In tomorrow's Book Review, Slate founder/TIME columnist Michael Kinsley explains to us the magic behind "the Christopher Hitchens phenomenon." Who would have guessed—apparently the secret is logic.

"The big strategic challenge for a career like this is to remain interesting, and the easiest tactic for doing that is surprise," Kinsley writes. "If they are expecting X, you say minus X."

But how do you know when it's working? That's where Kinsley's counter-intuitiveness rating system—based, it seems, on simple punctuation games—comes in handy. Declaring you're against abortion, for instance, gets an "Interesting!" Revealing a Jewish mother tops that with "Interesting!!" Hating on Bill Clinton, "Interesting!!!" Supporting the Iraq war, "Interesting!!!!"

How to break the five exclamation point threshold, after the jump.

Trouble is, Hitchen's new book about why religion—er, "god-worship"—is bad is not 'minus X' at all. It is totally completely X. Isn't that... interesting!!!!!?

See, that's the trick. Kinsley writes:

Well, ladies and gentleman, Hitchens is either playing the contrarian at a very high level or possible he is even sincere. But just when he had us expecting minus X, he confounds us by reverting to X.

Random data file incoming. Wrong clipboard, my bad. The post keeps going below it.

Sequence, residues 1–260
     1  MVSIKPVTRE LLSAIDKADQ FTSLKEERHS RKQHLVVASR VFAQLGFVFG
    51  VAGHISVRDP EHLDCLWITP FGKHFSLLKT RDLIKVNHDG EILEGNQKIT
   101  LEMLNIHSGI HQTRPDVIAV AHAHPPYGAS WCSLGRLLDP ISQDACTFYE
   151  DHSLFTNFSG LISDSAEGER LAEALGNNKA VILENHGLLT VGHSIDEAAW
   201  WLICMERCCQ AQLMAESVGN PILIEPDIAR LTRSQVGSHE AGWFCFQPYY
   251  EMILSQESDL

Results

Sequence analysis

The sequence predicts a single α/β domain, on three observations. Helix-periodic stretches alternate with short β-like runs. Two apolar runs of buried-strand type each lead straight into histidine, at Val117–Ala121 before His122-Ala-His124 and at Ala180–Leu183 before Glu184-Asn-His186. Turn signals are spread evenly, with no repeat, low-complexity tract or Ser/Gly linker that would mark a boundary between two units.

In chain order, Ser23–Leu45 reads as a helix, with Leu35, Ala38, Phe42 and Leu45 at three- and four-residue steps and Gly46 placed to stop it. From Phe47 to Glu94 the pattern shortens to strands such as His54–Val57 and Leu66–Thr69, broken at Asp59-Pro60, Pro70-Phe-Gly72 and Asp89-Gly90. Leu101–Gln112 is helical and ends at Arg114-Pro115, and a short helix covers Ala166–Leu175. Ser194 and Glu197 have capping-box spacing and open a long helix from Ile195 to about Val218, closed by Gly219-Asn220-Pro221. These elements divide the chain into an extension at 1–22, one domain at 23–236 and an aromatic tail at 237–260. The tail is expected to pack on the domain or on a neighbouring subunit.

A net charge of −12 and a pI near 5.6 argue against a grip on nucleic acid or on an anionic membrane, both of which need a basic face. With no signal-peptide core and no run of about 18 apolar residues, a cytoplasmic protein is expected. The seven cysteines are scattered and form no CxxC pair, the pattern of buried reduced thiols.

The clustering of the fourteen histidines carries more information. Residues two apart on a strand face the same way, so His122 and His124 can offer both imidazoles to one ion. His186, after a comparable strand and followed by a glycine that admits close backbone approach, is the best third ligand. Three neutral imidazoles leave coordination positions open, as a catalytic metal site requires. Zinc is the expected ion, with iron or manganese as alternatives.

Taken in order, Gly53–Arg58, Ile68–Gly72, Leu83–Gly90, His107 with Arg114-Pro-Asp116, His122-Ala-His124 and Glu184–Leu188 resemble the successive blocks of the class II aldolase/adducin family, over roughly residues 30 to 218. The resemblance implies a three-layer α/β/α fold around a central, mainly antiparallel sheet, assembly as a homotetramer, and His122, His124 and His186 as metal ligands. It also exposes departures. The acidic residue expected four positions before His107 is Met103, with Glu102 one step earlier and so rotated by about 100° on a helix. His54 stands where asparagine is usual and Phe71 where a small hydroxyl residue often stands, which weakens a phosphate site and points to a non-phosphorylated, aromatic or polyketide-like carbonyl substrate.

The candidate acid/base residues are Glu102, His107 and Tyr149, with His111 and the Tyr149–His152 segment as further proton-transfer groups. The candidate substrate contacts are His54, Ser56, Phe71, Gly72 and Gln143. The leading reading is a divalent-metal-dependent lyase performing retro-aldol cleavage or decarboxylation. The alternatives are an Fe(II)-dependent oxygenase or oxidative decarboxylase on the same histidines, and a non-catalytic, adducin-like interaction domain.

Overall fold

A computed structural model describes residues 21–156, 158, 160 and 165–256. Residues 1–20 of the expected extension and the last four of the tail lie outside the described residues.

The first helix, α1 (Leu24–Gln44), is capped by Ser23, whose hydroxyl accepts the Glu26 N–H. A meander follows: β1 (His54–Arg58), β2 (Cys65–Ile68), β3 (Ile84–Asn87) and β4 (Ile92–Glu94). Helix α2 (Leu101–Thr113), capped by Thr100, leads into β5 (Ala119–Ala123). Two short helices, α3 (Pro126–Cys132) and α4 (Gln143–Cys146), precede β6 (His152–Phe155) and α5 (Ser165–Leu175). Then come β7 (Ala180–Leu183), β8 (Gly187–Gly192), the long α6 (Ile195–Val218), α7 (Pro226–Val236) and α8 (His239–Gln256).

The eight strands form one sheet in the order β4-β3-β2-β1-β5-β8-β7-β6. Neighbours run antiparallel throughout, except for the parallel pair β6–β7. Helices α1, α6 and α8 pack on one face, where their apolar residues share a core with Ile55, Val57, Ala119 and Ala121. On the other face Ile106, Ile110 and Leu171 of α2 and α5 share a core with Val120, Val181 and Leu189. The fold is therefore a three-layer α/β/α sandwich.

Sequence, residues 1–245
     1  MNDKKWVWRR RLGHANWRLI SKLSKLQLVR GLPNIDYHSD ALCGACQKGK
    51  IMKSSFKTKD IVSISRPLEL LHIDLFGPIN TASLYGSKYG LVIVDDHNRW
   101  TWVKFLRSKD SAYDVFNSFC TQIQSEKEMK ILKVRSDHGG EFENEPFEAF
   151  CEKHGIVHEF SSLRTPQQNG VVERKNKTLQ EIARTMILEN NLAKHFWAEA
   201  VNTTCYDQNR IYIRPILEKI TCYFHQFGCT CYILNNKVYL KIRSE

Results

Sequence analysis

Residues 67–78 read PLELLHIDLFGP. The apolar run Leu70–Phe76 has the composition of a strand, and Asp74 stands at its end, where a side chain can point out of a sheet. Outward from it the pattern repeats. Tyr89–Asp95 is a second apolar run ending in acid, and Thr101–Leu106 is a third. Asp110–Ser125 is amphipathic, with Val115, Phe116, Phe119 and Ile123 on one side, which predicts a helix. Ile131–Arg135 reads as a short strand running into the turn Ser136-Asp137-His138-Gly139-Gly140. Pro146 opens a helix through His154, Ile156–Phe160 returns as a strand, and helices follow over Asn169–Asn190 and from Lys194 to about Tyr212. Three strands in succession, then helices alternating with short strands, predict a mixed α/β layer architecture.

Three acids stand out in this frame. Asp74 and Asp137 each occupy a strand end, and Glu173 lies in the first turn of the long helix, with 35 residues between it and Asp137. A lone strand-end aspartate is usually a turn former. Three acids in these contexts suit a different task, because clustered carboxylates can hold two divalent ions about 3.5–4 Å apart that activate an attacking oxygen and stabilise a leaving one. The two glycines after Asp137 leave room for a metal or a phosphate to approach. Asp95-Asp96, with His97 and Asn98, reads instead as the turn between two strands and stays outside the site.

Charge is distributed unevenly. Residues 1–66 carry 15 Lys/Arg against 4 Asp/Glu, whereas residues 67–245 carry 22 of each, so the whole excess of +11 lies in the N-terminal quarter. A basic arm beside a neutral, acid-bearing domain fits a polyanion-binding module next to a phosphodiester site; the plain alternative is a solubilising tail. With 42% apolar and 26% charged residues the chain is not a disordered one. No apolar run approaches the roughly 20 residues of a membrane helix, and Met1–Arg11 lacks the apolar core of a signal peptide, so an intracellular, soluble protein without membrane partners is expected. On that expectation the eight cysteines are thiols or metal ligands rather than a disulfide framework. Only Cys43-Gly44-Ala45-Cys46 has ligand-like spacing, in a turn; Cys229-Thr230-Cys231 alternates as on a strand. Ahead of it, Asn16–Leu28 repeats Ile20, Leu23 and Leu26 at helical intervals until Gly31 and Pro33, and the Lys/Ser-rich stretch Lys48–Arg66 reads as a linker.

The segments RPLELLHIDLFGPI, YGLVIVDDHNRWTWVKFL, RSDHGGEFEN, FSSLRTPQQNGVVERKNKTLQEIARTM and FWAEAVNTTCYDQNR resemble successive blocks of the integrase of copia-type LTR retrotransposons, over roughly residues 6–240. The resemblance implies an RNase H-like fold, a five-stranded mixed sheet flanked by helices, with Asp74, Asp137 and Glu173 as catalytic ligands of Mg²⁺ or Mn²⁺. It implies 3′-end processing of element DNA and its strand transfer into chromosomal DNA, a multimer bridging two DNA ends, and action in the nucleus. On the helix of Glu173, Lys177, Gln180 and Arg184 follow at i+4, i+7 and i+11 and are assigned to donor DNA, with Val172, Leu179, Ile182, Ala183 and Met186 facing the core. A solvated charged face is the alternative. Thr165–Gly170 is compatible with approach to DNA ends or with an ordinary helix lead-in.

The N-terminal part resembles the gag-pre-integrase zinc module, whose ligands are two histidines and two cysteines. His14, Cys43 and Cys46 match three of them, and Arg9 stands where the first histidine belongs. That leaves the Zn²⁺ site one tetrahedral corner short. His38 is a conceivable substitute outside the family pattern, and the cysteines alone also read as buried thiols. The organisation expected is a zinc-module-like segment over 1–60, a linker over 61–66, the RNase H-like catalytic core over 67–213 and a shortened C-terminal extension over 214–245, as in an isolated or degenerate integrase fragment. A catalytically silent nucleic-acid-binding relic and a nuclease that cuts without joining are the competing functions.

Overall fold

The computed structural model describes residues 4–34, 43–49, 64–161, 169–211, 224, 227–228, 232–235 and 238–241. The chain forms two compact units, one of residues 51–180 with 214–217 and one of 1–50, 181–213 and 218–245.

Apparently getting the cover of the NYT Book Review just requires some meta-level flip-flopping.

Sadly, all this "reason" might work on paper, but in the rough and tumble world of sales rankings, it only gets you so far. Advance orders of the seventh Harry Potter book (!!!!!!!) are currently trouncing Hitchens' God Is Not Great for the number one spot. Interestingly (...?), Rhonda Byrne's The Secret, the book that explains how you can cure cancer by thinking special thoughts, is currently in third.

The lesson here is that people like hearing about magical things, have gotten over god, and want to prevent bad things from happening to them with their minds. So remember, aspiring authors: logically doing double-opposite things might get you exclamation points from the Times, but what's really in demand is... pretending?—LUX

In God Distrust [NYTBR]